From Imperial Free City to Baltic Empire: Political Humanism and its Ramifications in Sweden in the Era of the Thirty Years’ War
Intellectual Geography / Monday 5 September, 2011
During the sixteenth and early seventeenth centuries, the geographical location of the city of Strasbourg opened it to intellectual influences from all directions. As well as confessional impulses arriving from Germany and the Swiss cities, strong pedagogical countercurrents passed up river from the lower Rhine (including Johann Sturm [1507-1589] and the gymnasium illustre and the political humanism of Justus Lipsius [1547-1606]). Moreover, Strasbourg’s position near the southwestern border of the Empire opened it to French influence as well, perhaps most notably to the mos gallicus, which brought humanist perspectives and philological techniques to bear on the interpretation of ancient legal codes. In early seventeenth-century Strasbourg, these interrelated strands of thought were woven together into a coherent tradition by figures such as Matthias Bernegger (1582-1640), a refugee from Habsburg Austria who became rector of the academy in 1617. Edmund Kelter regarded Bernegger as the founder of the philological-historical school of Strasbourg, and John E. Sandys called it a ‘flourishing school of Roman History’.
Partly in recognition of this long tradition of excellence, Strasbourg was the first imperial free city ever to be granted full university status for its gymnasium in 1621. For a decade and more, the new university thrived. Although never large by German Lutheran university standards, Strasbourg continued to develop the sophisticated high-humanist approach to pedagogy established a century earlier by Sturm; and as a consequence the new university was particularly well patronized by the nobility. However, over the longer term, the political and military chaos unleashed by the Thirty Years’ War cut short the honeymoon of Strasbourg’s new university; the failure of the Peace of Prague in 1635 brought France directly into the central European battlefield, and Strasbourg’s enrollment plummeted. Previously a meeting point of intellectual as well as commercial traffic from all directions, Strasbourg endured a decade and more of misery, occupied successively by Spanish, Swedish, and French troops. While the prestige of Bernegger and his colleagues remained undimmed, military events had made Strasbourg a much less attractive place for students, and its professors became vulnerable to offers of employment elsewhere.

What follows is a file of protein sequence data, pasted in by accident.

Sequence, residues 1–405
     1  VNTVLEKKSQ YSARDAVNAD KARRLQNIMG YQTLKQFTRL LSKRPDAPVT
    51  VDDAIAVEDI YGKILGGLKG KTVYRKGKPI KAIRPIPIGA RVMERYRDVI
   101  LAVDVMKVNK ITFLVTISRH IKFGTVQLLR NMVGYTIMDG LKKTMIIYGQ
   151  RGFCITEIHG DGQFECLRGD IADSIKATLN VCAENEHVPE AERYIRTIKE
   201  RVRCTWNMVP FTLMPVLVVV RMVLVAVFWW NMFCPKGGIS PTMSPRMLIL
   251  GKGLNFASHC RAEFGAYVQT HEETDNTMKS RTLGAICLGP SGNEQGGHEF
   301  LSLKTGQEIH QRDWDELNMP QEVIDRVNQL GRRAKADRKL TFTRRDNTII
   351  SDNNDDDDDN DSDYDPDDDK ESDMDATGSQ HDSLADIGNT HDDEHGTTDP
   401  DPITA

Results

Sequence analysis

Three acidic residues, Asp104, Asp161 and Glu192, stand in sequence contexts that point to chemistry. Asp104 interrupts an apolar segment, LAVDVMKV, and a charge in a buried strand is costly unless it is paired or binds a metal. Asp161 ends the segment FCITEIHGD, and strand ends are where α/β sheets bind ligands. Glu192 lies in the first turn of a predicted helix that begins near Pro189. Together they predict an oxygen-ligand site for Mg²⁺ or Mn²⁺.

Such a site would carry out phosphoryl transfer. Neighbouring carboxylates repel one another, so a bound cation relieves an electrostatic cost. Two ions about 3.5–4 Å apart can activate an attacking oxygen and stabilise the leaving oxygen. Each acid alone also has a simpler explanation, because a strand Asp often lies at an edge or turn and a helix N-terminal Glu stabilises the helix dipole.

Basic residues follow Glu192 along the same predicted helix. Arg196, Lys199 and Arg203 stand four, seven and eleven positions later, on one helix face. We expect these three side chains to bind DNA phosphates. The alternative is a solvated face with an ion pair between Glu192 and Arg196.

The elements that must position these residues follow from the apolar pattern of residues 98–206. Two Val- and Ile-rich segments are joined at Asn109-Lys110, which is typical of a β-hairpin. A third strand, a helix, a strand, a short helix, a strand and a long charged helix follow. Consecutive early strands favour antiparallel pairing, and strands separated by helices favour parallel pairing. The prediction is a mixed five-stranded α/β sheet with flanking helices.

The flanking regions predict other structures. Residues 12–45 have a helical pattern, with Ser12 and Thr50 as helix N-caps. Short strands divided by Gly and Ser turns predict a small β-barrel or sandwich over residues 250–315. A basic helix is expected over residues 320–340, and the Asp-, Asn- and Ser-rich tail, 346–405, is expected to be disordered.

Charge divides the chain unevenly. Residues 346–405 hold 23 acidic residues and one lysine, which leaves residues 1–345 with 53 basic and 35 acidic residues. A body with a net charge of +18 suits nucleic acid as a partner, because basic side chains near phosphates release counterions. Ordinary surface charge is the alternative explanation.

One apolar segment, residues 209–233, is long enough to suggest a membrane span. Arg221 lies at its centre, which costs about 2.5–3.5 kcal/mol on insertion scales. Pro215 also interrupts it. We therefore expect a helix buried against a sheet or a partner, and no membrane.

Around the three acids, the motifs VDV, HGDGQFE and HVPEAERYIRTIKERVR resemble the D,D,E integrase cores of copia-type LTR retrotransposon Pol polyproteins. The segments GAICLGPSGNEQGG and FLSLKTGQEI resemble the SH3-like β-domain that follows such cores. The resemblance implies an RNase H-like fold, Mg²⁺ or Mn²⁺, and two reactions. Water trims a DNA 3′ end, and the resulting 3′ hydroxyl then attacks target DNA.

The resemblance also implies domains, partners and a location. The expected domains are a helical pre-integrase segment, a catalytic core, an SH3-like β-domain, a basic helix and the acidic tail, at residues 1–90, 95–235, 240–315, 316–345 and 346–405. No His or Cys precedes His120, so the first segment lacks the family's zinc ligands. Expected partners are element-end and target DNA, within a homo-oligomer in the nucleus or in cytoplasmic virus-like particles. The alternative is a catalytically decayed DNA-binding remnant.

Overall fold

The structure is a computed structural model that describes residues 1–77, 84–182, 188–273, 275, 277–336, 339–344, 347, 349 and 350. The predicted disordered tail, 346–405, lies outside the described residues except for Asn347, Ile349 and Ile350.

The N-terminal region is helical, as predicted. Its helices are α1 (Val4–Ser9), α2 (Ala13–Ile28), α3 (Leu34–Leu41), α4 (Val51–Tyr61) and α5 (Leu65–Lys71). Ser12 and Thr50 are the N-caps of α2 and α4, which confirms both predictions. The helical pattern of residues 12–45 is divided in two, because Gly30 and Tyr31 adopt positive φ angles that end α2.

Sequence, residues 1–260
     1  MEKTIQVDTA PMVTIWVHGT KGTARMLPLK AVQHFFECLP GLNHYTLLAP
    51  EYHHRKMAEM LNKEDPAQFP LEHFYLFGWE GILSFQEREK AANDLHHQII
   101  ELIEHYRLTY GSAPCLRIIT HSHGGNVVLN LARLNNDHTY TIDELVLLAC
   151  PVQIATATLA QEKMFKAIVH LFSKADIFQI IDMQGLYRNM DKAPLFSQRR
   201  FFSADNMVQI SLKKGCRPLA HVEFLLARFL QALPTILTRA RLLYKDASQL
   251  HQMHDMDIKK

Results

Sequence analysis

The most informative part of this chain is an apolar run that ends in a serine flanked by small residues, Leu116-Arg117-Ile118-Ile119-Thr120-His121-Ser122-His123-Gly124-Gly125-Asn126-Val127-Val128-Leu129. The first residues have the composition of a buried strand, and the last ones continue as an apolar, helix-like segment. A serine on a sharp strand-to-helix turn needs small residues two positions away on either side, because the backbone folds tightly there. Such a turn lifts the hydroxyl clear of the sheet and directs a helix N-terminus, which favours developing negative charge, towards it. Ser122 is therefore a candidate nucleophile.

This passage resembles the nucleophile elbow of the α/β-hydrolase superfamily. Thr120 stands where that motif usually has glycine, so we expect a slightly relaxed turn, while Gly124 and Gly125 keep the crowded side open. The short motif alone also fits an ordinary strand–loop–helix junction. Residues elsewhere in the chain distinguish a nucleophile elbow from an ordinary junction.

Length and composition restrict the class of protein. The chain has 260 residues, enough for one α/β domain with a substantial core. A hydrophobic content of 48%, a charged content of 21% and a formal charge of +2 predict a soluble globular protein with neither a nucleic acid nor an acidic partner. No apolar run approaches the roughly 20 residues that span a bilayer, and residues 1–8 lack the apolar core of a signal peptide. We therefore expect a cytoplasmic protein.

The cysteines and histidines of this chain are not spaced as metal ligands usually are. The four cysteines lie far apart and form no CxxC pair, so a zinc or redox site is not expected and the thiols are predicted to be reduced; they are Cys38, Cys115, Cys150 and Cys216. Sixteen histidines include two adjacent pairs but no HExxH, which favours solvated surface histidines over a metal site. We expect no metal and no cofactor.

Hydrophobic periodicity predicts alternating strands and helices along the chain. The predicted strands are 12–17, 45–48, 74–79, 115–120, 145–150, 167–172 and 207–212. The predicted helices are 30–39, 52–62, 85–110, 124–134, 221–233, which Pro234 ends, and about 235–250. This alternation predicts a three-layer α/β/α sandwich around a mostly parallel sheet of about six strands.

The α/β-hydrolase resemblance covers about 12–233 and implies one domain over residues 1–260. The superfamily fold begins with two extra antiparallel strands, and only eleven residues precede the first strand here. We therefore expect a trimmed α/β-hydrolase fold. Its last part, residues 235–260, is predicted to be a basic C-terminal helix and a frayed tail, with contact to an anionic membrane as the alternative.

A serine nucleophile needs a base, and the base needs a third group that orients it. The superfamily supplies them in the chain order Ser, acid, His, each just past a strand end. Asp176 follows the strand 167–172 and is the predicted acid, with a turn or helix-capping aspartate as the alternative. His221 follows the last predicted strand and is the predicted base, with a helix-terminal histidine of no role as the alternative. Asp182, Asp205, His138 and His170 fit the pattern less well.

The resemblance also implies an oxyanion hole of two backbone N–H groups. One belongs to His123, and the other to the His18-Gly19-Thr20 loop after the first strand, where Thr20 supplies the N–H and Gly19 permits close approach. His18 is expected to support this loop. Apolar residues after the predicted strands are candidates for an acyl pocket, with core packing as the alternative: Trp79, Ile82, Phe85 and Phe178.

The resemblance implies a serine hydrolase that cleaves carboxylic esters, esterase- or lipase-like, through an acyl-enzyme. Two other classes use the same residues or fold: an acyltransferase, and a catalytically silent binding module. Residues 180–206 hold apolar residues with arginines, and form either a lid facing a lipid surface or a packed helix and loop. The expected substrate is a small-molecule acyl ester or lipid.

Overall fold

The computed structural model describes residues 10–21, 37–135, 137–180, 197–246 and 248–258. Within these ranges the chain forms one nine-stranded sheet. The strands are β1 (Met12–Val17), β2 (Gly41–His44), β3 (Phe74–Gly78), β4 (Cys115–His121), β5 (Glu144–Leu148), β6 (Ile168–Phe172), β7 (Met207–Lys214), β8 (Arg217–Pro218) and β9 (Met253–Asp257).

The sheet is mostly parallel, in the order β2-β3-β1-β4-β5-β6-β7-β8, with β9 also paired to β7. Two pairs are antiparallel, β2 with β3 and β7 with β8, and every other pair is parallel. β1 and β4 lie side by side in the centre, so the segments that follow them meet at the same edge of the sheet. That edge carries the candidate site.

It may seem surprising that several of the most tempting of these offers should have come from an incomparably larger monarchy far to the north of the imperial free city. But during Sweden’s early Great Power Era there was an urgent need for higher education. The sole university, founded in Uppsala in 1476, had had a troubled existence, but was re-established by Gustavus Adolphus II in 1620. Uppsala was soon followed by a chain of gymnasia, and new academies. They were modeled on the German stratified gymnasium and on Ramist pedagogy. The Swedish State Authority, through nobility such as Oxenstierna and Skytte, used its power and influence to recruit the most talented and learned academics as diplomats, royal historiographers, or to Uppsala as professors. Sweden could offer a safe haven for scholars far away from the turbulence of war on the mainland Europe. There had been particularly good diplomatic relations between Sweden and the reformed city of Strasbourg ever since the Reformation and the University of Strasbourg became a strategic source for the identification of well-educated humanists and their transition to Uppsala in Sweden. Bernegger himself almost became Swedish royal historiographer, but the core of the Strasbourg-school in Sweden was the disciples of Bernegger Johan Freinshemius (1608-1660), Johan Boecler (1611-1672), and Johan Schefferus (1621-1679).
Initially, then, the Swedish Age of Greatness was to a considerable extent lacking in intellectual independence. It was marked by the import and reception by pedagogical and intellectual trends from academies in German free imperial cities and principalities, through the works and networks of influential humanists as Melanchthon, Ramus, Lipsius, and Comenius. My purpose is to delineate the significance from the Swedish point of view of, not only the reception, but the active transplantation and cultural transmission of this particular kind of political humanism and to assess the crucial importance of geographical factors in shaping and facilitating this rich process of intellectual transfer.